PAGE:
I am beginning to be sorry that I ever undertook to write this book. Not that it bores me; I have nothing else to do; indeed, it is a welcome distraction from eternity. But the book is tedious, it smells of the tomb, it has a rigor mortis about it; a serious fault, and yet a relatively small one, for the great defect of this book is you, reader. You want to live fast, to get to the end, and the book ambles along slowly; you like straight, solid narrative and a smooth style, but this book and my style are like a pair of drunks; they stagger to the right and to the left, they start and they stop, they mutter, they roar, they guffaw, they threaten the sky, they slip and fall…And fall! Unhappy leaves of my cypress tree, you had to fall, like everything else that is lovely and beautiful; if I had eyes, I would shed a tear of remembrance for you. And this is the great advantage in being dead, that if you have no mouth with which to laugh, neither have you eyes with which to cry. ― Machado de Assis, Memórias póstumas de Brás Cubas

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I am beginning to be sorry that I ever undertook to write this book. Not that it bores me; I have nothing else to do; indeed, it is a welcome distraction from eternity. But the book is tedious, it smells of the tomb, it has a rigor mortis about it; a serious fault, and yet a relatively small one, for the great defect of this book is you, reader. You want to live fast, to get to the end, and the book ambles along slowly; you like straight, solid narrative and a smooth style, but this book and my style are like a pair of drunks; they stagger to the right and to the left, they start and they stop, they mutter, they roar, they guffaw, they threaten the sky, they slip and fall...And fall! Unhappy leaves of my cypress tree, you had to fall, like everything else that is lovely and beautiful; if I had eyes, I would shed a tear of remembrance for you. And this is the great advantage in being dead, that if you have no mouth with which to laugh, neither have you eyes with which to cry.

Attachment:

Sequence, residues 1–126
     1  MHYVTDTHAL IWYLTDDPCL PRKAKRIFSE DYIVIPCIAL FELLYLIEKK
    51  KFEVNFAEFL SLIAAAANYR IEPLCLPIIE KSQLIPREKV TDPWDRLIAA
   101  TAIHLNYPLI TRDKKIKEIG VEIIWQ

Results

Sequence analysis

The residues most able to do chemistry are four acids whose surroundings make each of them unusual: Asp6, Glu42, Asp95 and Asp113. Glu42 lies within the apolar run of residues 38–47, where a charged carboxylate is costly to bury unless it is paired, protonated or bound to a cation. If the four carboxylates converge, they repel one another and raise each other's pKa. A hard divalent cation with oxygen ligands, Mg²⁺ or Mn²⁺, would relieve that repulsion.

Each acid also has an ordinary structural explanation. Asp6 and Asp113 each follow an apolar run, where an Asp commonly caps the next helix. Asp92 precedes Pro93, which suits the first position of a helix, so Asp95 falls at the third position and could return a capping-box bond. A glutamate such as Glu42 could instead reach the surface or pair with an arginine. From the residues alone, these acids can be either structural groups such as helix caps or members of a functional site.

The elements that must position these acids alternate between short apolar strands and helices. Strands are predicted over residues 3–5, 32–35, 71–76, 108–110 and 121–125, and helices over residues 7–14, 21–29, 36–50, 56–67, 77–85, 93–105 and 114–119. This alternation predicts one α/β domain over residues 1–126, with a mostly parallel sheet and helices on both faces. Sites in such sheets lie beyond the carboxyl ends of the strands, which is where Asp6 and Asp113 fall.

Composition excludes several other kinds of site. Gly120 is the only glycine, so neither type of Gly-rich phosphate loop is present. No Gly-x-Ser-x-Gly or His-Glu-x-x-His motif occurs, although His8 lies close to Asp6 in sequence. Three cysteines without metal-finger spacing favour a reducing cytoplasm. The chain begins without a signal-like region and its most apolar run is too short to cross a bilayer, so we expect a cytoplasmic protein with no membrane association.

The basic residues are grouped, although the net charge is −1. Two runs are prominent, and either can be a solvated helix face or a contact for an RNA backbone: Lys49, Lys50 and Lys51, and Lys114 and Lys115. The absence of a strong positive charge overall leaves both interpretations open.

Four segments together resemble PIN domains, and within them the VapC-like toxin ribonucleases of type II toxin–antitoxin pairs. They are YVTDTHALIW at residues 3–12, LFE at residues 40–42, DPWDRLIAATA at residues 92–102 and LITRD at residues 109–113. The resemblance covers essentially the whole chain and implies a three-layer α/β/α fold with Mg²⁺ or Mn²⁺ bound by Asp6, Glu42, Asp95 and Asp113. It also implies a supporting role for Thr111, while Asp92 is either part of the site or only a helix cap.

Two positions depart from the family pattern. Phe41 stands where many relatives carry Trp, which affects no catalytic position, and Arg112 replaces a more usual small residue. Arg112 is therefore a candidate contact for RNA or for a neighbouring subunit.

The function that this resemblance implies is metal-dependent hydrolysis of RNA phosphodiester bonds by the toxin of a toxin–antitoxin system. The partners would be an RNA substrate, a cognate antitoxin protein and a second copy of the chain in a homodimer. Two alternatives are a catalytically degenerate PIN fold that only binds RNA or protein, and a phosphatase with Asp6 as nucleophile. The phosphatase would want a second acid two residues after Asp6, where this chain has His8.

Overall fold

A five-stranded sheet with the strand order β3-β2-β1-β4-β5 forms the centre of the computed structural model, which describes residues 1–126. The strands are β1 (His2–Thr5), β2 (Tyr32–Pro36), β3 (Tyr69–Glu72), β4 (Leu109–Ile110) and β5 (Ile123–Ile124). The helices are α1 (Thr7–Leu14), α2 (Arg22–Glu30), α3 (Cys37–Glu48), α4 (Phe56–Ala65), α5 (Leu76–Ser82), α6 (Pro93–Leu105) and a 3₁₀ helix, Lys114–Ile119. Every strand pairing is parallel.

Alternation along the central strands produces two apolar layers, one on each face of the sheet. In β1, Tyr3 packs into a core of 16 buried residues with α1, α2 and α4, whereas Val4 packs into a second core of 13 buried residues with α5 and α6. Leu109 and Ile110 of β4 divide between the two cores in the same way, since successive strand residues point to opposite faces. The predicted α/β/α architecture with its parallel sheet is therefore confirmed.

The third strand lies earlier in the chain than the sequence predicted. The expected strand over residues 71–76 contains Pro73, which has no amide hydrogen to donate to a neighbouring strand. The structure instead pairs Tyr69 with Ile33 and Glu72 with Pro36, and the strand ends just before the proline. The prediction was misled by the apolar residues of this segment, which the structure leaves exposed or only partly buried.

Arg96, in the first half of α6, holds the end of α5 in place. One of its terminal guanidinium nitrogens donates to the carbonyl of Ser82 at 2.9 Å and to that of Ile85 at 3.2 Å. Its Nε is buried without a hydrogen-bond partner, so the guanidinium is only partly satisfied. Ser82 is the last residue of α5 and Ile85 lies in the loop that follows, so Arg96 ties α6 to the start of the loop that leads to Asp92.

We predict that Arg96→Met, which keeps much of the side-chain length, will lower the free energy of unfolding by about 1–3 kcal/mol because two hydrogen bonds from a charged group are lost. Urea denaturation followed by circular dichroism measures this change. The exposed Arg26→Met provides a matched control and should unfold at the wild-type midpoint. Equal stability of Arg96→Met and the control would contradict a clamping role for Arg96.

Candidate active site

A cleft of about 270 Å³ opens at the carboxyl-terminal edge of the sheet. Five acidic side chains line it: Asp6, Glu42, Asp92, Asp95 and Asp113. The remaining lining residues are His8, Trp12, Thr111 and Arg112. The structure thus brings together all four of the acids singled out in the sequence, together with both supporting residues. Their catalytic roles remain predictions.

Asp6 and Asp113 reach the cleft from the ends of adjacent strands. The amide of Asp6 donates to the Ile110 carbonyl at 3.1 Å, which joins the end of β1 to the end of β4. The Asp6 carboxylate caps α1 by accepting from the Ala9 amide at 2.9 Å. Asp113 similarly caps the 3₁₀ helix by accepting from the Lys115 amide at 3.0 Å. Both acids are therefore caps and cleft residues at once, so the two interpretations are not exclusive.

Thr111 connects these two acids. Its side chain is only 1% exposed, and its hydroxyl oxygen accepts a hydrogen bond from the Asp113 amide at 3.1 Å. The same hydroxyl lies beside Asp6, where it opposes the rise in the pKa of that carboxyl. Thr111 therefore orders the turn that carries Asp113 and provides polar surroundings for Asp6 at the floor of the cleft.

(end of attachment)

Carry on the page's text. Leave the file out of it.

― Machado de Assis,
Memórias póstumas de Brás Cubas

I am beginning to be sorry that I ever undertook to write this book. Not that it bores me; I have nothing else to do; indeed, it is a welcome distraction from eternity. But the book is tedious, it smells of the tomb, it has a rigor mortis about it; a serious fault, and yet a relatively small one, for the great defect of this book is you, reader. You want to live fast, to get to the end, and the book ambles along slowly; you like straight, solid narrative and a smooth style, but this book and my style are like a pair of drunks; they stagger to the right and to the left, they start and they stop, they mutter, they roar, they guffaw, they threaten the sky, they slip and fall…And fall! Unhappy leaves of my cypress tree, you had to fall, like everything else that is lovely and beautiful; if I had eyes, I would shed a tear of remembrance for you. And this is the great advantage in being dead, that if you have no mouth with which to laugh, neither have you eyes with which to cry.
― Machado de Assis,

Memórias póstumas de Brás Cubas

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